HomeAccident & recoveryStill in the race

Recovering from my last surgery has taken longer than I expected. For such a simple surgery, it sure presented challenges. My eye hurt for weeks, enough to prevent me from working. And it has meant a setback in my vision.

First, because of the pain and constant irritation caused by the stitches, my eye didn’t want to open as much as it had. Just in the last two days, that has finally improved, and my eye is mostly as open as it can be—which, mind you, is only about 5 mm, compared with about 12 mm for my right eye. (If I raise my eyebrow, I can get another millimeter. It sounds miniscule, but it is another 20%.)

Second, what I can see is blurrier than it was with the oil in my eye. I haven’t gotten a new prescription yet, so I don’t know how correctable my vision will be. It turns out that my eye is even more complicated than Dr. Levine thought. It seems to be less nearsighted than he expected, and the astigmatism counters the nearsightedness in such a way that my prescription is technically 0 diopters—perfect! But not. Dr. Levine raised the question of whether the tightness of my upper eyelid might be contributing to some of the astimatism by distorting the cornea. I sense that I may not be getting a new prescription until after I have more surgery on my eyelids.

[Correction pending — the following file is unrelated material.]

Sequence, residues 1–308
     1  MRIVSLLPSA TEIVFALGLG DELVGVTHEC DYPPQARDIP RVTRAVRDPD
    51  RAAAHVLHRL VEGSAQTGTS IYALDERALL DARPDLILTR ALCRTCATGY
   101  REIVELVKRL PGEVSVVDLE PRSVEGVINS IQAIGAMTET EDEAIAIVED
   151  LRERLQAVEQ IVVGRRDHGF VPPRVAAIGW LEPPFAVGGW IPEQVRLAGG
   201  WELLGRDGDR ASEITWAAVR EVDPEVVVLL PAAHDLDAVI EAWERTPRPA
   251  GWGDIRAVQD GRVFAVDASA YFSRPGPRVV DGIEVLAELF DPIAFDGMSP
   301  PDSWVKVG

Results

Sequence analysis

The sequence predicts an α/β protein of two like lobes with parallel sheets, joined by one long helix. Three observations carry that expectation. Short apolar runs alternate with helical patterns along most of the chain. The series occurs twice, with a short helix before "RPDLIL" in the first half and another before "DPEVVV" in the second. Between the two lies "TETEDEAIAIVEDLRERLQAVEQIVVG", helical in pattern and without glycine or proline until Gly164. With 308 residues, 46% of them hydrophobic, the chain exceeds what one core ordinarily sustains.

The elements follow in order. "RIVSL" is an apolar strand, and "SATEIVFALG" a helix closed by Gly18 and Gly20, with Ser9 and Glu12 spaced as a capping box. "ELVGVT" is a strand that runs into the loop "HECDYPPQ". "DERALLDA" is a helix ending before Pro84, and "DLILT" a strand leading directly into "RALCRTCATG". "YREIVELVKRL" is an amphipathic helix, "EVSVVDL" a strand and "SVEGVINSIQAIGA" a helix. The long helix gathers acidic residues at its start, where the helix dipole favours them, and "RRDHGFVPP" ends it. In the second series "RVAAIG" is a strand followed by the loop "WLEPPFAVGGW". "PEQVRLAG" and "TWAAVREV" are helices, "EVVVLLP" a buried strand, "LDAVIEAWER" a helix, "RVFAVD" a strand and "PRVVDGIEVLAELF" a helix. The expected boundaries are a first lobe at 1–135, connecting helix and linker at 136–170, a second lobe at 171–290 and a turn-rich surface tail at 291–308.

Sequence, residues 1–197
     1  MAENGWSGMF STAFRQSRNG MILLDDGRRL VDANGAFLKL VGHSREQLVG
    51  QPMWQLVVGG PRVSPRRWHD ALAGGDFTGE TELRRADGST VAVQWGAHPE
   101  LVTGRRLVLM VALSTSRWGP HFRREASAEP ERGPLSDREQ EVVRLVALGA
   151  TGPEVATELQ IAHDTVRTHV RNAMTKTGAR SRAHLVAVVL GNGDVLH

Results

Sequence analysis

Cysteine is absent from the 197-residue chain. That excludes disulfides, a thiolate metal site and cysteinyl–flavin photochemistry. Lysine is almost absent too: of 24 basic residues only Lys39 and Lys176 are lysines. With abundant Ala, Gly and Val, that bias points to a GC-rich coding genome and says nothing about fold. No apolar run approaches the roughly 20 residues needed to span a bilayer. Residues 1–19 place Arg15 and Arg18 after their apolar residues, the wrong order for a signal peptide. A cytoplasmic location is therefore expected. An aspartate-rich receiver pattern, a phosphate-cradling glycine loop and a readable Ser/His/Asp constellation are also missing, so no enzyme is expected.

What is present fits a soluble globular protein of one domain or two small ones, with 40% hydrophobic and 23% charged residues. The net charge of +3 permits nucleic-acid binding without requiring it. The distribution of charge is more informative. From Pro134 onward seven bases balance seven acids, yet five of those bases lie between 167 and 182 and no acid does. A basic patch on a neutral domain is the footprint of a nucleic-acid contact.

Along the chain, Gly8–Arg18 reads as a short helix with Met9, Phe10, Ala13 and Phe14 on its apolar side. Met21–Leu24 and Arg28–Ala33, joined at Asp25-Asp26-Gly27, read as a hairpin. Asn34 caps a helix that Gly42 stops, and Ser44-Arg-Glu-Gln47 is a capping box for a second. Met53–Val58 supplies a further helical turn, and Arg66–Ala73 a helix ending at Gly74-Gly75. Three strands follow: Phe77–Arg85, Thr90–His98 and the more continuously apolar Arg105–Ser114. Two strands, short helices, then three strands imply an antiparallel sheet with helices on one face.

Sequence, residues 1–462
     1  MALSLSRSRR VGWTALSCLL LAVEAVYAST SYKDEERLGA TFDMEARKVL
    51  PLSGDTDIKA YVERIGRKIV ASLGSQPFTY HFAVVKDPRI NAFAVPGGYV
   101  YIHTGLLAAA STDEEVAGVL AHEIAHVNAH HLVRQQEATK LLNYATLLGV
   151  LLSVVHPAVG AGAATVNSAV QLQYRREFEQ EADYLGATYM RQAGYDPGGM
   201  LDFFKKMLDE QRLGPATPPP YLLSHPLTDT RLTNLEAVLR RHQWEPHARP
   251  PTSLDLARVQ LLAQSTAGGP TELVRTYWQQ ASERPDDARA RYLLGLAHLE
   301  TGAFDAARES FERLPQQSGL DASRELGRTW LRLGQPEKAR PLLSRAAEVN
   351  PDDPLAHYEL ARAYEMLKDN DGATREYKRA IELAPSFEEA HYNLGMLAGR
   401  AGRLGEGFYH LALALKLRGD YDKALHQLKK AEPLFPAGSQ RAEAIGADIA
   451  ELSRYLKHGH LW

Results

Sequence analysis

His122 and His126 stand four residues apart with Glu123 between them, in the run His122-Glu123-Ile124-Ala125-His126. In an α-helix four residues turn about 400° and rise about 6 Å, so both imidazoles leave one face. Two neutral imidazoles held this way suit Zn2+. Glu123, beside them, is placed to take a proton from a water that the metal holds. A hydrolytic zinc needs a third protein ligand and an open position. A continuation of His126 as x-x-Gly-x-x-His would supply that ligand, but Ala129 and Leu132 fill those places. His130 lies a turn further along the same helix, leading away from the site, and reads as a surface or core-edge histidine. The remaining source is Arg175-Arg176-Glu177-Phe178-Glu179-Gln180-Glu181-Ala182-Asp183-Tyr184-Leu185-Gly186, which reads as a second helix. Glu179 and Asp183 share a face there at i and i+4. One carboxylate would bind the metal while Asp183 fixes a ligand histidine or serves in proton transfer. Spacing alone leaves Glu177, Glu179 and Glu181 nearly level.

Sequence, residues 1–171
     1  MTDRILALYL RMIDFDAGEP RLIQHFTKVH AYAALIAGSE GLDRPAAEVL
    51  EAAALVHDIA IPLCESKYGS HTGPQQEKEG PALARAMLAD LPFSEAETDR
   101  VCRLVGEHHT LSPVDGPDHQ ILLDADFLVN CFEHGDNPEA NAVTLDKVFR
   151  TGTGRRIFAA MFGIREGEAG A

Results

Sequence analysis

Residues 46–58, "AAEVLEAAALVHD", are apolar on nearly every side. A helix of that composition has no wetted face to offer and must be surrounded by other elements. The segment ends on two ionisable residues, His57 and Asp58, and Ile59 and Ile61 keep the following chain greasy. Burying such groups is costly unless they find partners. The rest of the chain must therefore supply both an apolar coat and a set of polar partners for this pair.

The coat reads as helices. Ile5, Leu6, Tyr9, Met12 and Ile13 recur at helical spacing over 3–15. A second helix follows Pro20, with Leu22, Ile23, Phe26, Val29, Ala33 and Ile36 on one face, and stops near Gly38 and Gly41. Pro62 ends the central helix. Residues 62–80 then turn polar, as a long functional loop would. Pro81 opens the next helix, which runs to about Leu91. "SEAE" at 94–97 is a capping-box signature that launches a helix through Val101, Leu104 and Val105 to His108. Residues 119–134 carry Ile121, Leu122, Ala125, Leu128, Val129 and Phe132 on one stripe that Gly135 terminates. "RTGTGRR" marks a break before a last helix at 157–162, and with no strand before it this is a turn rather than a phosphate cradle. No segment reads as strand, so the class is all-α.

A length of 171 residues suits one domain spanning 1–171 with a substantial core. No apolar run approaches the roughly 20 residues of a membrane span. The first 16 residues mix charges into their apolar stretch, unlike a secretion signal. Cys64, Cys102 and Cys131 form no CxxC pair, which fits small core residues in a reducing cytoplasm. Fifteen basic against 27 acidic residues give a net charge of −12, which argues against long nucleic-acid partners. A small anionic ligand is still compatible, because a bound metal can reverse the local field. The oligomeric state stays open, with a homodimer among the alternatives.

Who knows what my eye would be doing if I had gotten the lens implant? I do think I made the right decision not getting it.

One other factor affecting my vision right now is tearing. My cornea is a little dry because my new lower eyelid isn’t tight against my eye and doesn’t actually move. Ironically, dryness causes the eye to overproduce tears, which then collect in the slight reservoir created by my lower lid and become viscous, further blurring my vision. To try to remedy this, I use lubricant drops or ointment and clean my eye out a few times a day.

I have been frustrated since the surgery, feeling like my recovery has stalled. But I keep reminding myself that this setback is temporary, and sometimes progress may be hard to recognize as such. For example, now, with my eye open, I have enough vision to challenge my brain, which paradoxically makes me feel like my vision is worse. It will get better as my brain learns and when I get the right corrective lens. I am the tortoise in this race, and slow and steady will win it.


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